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PopCap: The Complexity Of Being Casual


June 20, 2008 Article Start Previous Page 3 of 7 Next
 

You guys are doing some casual/hardcore hybrid stuff. How much more are you going to go in that arena? It seems like a pretty interesting one, to me.

JV: I think in the case of Peggle Extreme, where we paired up with Valve and created a mash-up of Peggle and Half-Life and Team Fortress 2, it definitely was really highly successful, so it's something we're probably going to be thinking about in the future and how we're going to leverage that and help Peggle succeed and cross over into the hardcore games space, unlike any other product we've ever done.

Zuma and Bejeweled had big game followings, but Peggle has overtaken the gaming community in a way that none of our games have ever really done that. It was dramatically sped up by Peggle Extreme, and we're trying to think of other things as well with Peggle and seeing if that works with other things. Some games... you couldn't do a mash-up of Bejeweled and Half-Life. That would only suck.

But I think it's something we're looking at, and as we do things, we're always very much a game company first, even though we make casual games. So when we look and see things like Puzzle Quest, which is very much a hybrid hardcore/casual game, we definitely look at it and say, "Okay, maybe we'll do something like that in the future."

Right. Because everyone's looking for the next Puzzle Quest.

DR: Well, in a way, Bookworm Adventures was a little bit of that, right? It's interesting to note that our last two major releases both touch on that in different ways. Peggle Extreme was a totally different...

JV: Yeah, like Bookworm Adventures was Boggle and Final Fantasy. We're constantly trying to experiment. We don't believe that a genre -- except for maybe first-person shooters -- is what makes it hardcore. It is the implementation that will make the game hardcore.


PopCap's Bookworm Adventures

DR: And if you think about it, and one of the things that most are scared about in the casual space is that there's this trend of "panderware," as I've been calling it, that everyone says is either "games for girls" or trying to appeal to the 40-year-old soccer mom. We've never done that and we never will. We don't build games for focus groups. We build games that are fun for people.

JV: So we're building games that are fun for us first. That's the first test. After that, we try to make them more accessible to everyone else.

DR: So really, I think some of the success of Peggle as a crossover hit for us is indicative of the fact that we're getting better at building deeper games that have a great, deep game experience, and also I think there's some credit in people saying, "Wait a minute. This isn't just a flash-in-the-pan thing. There's some really fun game stuff here."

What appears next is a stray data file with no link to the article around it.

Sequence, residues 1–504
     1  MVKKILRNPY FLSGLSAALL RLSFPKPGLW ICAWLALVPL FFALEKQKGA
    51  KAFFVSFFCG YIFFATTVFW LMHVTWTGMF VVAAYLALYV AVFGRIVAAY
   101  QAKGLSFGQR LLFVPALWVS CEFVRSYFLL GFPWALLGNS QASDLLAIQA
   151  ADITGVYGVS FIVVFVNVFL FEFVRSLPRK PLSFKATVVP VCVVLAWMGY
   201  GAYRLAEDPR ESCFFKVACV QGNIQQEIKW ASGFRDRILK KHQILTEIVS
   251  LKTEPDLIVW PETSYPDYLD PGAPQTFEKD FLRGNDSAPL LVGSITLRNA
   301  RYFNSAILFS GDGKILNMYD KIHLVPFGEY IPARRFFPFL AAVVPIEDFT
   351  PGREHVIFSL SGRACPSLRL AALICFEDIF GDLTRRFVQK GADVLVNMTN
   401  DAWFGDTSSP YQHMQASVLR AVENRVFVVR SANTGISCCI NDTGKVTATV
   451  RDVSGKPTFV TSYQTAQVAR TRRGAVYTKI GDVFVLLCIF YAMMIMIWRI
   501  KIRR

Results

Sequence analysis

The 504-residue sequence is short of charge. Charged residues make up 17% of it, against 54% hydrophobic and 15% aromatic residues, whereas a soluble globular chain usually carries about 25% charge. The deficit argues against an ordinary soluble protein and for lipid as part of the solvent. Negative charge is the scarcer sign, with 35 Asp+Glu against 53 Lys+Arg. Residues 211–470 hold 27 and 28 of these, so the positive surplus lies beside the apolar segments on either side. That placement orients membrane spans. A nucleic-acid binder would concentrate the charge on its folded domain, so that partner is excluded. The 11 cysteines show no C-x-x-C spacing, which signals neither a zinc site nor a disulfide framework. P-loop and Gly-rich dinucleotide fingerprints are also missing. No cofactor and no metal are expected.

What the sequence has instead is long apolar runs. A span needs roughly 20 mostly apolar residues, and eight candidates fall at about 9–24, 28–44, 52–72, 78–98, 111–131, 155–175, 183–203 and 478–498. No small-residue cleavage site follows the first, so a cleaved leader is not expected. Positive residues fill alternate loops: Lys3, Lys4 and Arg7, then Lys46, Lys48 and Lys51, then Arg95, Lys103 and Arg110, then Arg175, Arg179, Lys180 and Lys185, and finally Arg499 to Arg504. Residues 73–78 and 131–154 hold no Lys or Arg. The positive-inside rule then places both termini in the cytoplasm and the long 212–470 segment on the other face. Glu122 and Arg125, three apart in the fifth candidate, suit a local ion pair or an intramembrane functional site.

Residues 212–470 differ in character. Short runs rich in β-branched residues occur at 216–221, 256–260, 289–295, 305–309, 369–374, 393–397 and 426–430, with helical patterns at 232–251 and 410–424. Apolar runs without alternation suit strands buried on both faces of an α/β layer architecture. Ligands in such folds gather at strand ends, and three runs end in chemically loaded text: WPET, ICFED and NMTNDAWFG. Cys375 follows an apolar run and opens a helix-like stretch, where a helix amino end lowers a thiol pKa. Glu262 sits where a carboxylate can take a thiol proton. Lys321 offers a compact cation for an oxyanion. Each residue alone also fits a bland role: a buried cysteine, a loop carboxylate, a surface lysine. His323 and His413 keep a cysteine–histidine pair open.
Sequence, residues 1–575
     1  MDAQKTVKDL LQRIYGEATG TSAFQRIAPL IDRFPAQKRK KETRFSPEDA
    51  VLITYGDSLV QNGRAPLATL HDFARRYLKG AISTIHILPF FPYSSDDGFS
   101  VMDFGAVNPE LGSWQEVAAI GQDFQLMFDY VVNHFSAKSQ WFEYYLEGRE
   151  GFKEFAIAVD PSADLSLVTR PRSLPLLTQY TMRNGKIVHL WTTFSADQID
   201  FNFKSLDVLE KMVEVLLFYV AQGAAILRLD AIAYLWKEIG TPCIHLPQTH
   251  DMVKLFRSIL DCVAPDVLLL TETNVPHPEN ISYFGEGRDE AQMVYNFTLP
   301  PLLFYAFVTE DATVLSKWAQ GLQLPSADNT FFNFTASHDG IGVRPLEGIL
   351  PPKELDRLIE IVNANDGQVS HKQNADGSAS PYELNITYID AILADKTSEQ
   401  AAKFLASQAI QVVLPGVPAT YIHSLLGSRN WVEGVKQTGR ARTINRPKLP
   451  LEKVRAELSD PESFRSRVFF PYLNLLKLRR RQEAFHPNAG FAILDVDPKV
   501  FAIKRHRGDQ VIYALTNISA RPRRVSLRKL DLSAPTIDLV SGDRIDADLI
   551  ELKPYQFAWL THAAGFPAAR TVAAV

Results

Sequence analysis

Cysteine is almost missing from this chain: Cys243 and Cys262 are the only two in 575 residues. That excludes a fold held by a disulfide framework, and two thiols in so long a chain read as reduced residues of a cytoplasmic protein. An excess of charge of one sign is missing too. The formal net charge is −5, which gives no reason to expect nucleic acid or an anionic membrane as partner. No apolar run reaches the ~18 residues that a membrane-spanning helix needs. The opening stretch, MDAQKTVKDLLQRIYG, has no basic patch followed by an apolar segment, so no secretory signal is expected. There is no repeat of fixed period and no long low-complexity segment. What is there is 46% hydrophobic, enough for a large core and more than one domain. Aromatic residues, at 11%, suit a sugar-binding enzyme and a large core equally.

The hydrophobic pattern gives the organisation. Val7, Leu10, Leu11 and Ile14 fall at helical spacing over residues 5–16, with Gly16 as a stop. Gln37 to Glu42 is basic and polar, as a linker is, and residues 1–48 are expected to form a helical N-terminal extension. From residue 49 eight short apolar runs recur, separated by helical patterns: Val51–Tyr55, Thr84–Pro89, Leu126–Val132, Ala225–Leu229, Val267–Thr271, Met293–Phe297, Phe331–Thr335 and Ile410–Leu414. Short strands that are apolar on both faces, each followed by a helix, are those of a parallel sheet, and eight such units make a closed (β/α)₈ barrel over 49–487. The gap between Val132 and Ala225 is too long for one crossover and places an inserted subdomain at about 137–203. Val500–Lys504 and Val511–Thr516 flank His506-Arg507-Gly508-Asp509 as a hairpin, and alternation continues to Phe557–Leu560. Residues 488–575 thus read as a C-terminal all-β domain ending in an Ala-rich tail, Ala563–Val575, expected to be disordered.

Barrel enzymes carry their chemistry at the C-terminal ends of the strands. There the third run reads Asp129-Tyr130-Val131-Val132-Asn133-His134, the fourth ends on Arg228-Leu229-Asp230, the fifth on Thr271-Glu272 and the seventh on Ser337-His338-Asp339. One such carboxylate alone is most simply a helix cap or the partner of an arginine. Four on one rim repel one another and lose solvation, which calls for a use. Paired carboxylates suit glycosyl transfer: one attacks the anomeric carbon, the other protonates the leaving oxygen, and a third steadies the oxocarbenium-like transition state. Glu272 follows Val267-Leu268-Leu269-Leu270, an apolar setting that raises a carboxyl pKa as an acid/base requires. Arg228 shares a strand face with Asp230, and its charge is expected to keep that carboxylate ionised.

Our success on Xbox Live helped that a lot, because people said, "Wow, this Zuma thing..." It suddenly got people who wouldn't have looked at Zuma because it was sold on MSN Games that they suddenly take a different look at it. That's helped a lot, but really, at the end of the day, it's about fun games, and not "fun games for this kind of a person."

Yeah, with the casual/hardcore thing -- you've got Pipe Dream in BioShock, and that's kind of interesting... I don't know if that's the absolute best implementation, but by that logic, you could have Bejeweled in Half-Life 2, because you could have some sort of minigame. But I get the impression that you wouldn't want to relegate your stuff to minigame status.

JV: It depends. It's less about relegation than it is... it can be a really great game experience within that game, and it doesn't make sense for our game and that other game. I mean, I'd love to see Bejeweled in World of Warcraft, so people who want to kill time while they're waiting can just sit around and play Bejeweled while they're looking for help, right? Ideally, there would be something for that, whether it be experience or gold, but wouldn't that be funny? I'd love something like that. It would be great. I just don't see how it could happen.

You can make a pretty good casual game in item management.

JV: Oh, if only someone could make that fun. (laughter)

Someone could. I know they could. Resident Evil 4 isn't the best example, but it winds up becoming like a Tetris game, because you can rotate the items -- they fill up different numbers of boxes.

GC: Oh, it's a spatial relations-type thing.

JV: But they don't have the auto-sort, like Half-Life?

No. It's like, "Oh, there's one square. I can get one more thing in there." Or two squares across the screen, and you can be like, "Oh, these two squares have to be right next to each other."

GC: Hey, just that should earn you some experience points.

JV: But the question is, is that fun? Or is it just frustrating?

Well, I enjoyed it. But maybe some of those games inspire OCD in the right person.


Article Start Previous Page 3 of 7 Next

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